In line with the foregoing is the issue of management system. For instance, the system that takes care of quality, the industry, matters of security and safety, management in general, health and matters to do with medical affairs, environmental management systems, systems that deal with information and technology and systems that address anything related to companies services. Companies set up procedures and policies on how each system is managed hence assuring quality. Evidently, once these systems have been put in place, an organisations’ assurance and control would be unquestionable.

Approaches To Quality Management

Abuhav (2014) and Murray (2017) note that there are several approaches that are followed to ensure quality. For instance, companies are advised to involve staff in decision making. Further, management’s assurance of co-operation also play quality management role. Additionally,, systems such as PDCA (Plan-Do-Check-Act) help a lot in assuring quality management. Also, if each project undertaken by a company is given individual attention it may ensure quality is achieved. On top of that, activities should not be left to junior staff alone. Everyone has to be involved especially the top management. Training programmes have to be rolled out to keep updating staff on new developments.

Similarities And Differences Between Different Quality Control Methods

Abuhav, I. (2014) notes down some of the quality management procedures. Quality Systems such as ISO9001, ISO14001 and PQASSO exist. ISO9001 highlights the requirements a quality management system needs. Its main role is to help companies satisfy customer needs and further guides companies on ways to ensure their continuity regardless of size or industry. On the other hand, ISO14001 deals with how organisations may best address environmental matters regardless of size or industry.

PQASSO allows companies to do self-assessments. As such, PQASSO helps voluntary organisations to detect internal and find a way to remedy the mistakes. System differences depend on the role each plays. For instance, ISO9001 addresses how a company may effectively satisfy its customers. The same applies to PQASSO because the former and the latter target quality improvement and continuity and customer satisfaction. However, ISO14001 is different in that it addresses environmental concerns. When it comes to Total Quality Management Nayab and Scheid (2011) state that, it involves the co-operation and involvement of every staff in the organisation’s affairs. It is different from others in the sense that it applies to general company affairs as opposed to other methods most of which deal with particular goals. It is however similar to the above methods in that its objective is to see a firm succeed as it meets customer needs.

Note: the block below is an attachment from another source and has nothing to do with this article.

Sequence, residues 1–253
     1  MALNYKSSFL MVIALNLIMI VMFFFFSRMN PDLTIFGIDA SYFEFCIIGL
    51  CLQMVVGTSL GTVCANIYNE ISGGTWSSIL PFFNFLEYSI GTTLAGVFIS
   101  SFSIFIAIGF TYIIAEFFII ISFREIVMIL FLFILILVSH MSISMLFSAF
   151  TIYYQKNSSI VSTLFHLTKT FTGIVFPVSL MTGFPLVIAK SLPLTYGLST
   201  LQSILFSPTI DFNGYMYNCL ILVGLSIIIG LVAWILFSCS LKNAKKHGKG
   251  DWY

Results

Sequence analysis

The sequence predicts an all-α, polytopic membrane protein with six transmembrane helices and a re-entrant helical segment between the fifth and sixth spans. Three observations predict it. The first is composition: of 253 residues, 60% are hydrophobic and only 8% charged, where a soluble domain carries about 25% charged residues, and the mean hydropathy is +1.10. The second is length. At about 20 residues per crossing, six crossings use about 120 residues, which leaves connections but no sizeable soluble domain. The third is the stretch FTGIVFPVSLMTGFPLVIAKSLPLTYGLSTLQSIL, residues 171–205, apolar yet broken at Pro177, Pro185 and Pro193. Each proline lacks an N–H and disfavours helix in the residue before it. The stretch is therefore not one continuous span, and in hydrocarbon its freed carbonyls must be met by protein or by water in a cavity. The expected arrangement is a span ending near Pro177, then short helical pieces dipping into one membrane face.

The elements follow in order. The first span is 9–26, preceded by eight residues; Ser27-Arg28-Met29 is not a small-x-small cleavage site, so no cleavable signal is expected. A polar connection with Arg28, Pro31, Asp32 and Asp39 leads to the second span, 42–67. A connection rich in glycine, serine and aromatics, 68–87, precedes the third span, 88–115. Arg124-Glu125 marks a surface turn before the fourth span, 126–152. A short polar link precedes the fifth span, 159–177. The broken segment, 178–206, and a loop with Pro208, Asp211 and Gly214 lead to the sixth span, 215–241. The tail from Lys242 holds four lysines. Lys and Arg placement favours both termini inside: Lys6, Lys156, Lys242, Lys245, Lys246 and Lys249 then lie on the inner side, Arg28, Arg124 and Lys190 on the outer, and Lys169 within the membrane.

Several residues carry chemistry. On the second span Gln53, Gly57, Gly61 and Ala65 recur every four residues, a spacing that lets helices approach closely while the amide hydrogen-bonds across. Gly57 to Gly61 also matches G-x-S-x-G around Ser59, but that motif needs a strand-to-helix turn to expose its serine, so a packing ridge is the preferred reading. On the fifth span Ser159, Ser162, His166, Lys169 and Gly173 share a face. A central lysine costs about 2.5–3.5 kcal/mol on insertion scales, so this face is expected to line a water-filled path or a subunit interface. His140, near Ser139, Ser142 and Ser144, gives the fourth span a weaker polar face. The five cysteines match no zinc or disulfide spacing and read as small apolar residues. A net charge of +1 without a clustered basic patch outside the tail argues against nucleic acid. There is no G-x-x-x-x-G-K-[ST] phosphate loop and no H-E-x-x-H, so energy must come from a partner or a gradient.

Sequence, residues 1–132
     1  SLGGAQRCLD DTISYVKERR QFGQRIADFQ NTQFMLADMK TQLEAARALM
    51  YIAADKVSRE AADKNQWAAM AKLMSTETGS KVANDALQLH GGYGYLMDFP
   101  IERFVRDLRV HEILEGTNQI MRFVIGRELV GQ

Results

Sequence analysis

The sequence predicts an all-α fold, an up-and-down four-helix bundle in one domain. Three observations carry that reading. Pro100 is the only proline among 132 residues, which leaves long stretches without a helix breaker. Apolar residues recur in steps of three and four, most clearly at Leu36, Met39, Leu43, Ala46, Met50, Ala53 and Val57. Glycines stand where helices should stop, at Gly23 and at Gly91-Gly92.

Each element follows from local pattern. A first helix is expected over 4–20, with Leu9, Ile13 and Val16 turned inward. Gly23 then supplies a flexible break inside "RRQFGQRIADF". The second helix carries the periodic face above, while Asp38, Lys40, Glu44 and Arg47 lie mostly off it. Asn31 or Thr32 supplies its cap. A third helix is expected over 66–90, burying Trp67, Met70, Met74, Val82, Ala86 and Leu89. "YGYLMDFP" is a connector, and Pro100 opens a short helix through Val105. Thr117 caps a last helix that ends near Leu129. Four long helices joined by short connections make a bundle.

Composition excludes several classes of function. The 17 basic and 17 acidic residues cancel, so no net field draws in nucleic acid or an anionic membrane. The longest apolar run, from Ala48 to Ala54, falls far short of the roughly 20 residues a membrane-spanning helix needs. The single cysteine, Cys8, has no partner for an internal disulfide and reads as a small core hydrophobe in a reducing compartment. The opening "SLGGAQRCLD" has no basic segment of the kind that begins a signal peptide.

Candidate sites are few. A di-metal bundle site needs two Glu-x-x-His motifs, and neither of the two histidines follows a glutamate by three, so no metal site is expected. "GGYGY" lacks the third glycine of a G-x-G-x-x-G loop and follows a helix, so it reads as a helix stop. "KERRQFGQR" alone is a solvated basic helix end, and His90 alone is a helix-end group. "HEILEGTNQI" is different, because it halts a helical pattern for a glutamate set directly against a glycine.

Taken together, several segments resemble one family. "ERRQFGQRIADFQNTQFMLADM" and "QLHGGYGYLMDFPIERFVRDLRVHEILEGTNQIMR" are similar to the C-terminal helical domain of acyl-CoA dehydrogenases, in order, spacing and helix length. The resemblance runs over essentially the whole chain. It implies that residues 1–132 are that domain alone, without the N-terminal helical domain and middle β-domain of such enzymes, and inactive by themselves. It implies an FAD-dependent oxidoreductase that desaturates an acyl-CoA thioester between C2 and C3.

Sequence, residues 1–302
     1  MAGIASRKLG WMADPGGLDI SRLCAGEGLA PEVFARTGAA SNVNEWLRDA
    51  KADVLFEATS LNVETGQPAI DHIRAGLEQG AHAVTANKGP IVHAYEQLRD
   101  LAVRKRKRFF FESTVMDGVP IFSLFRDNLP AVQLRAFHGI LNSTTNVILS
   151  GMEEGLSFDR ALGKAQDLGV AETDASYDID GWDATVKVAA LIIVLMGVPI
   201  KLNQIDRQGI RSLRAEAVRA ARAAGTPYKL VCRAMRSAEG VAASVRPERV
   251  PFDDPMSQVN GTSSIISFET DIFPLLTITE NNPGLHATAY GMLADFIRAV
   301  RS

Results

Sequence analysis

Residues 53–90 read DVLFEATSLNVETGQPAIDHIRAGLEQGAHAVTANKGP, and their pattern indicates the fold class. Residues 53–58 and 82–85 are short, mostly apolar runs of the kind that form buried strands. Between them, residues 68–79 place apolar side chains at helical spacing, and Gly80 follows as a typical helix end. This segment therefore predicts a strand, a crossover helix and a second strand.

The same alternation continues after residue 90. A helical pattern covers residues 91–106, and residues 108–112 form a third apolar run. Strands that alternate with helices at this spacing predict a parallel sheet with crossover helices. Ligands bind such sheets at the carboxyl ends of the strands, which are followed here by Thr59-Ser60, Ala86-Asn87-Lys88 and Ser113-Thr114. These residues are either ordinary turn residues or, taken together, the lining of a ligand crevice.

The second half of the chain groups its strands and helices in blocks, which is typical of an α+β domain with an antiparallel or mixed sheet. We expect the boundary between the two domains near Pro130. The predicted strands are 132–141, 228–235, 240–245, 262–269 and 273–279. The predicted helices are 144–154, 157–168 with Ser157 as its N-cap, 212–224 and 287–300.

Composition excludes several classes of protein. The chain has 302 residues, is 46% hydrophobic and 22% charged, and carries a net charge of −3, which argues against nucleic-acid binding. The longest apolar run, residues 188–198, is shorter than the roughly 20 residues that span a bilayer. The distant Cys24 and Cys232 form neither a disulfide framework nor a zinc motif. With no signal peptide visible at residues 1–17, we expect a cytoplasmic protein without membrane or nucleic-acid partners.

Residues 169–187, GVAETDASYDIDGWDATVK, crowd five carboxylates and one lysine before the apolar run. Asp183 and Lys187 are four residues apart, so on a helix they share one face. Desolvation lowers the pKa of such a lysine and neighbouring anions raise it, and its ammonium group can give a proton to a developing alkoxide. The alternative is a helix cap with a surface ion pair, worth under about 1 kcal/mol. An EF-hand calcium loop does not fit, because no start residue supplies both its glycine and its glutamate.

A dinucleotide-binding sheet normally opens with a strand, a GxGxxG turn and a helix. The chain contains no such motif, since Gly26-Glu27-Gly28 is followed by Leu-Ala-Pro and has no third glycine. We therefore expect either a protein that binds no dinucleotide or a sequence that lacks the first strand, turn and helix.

Meaning Of Customer Satisfaction

Gustaffsson, Johnson and Roos (2006) define customer satisfaction as how a customer’s expectations about a product surpassed by that product or service. Abbas (2012) proposes ways that would be important to ensure companies satisfy their customers. One is by listening to what customers say. By doing that, a company would be able to know its customers’ needs hence produce goods and services that meet client needs. Also, a company has to listen to its employees. On most occasions, employees could be likened to customers. They may turn out to know best ways to satisfy their customers and therefore, they need to be listened to. Lastly, companies ought to conduct reality checks to determine if their customers are satisfied. This could be done through surveys.

Concept of Continuous Improvement

Kovach, Cudney and Elrod (2011) note how businesses continuously improve their products and services. This was conceptualized by Kaizen. It is a concept used to measure results of a best practice used by an organisation and a way of ensuring that employees own the process. For instance, it may target an area such as the rate at which employees are injured in a scrap dealership enterprise or the period taken to process bank loans. Also, it is based on the notion that everything within an organisation may be improved by employees who are well positioned to propose and effect changes. Employees have to be trained to be able to use specific quality improvement tools for instance statistical process control among others (Syed, 2012). Further, it is important to involve every member in an organisation as the process depends on their common knowledge and co-operation.


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Satisfying the Customer. Quality Management and Service Provision
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satisfying, customer, quality, management, service, provision
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Benaiah Mayabi (Author), 2018, Satisfying the Customer. Quality Management and Service Provision, Munich, GRIN Verlag,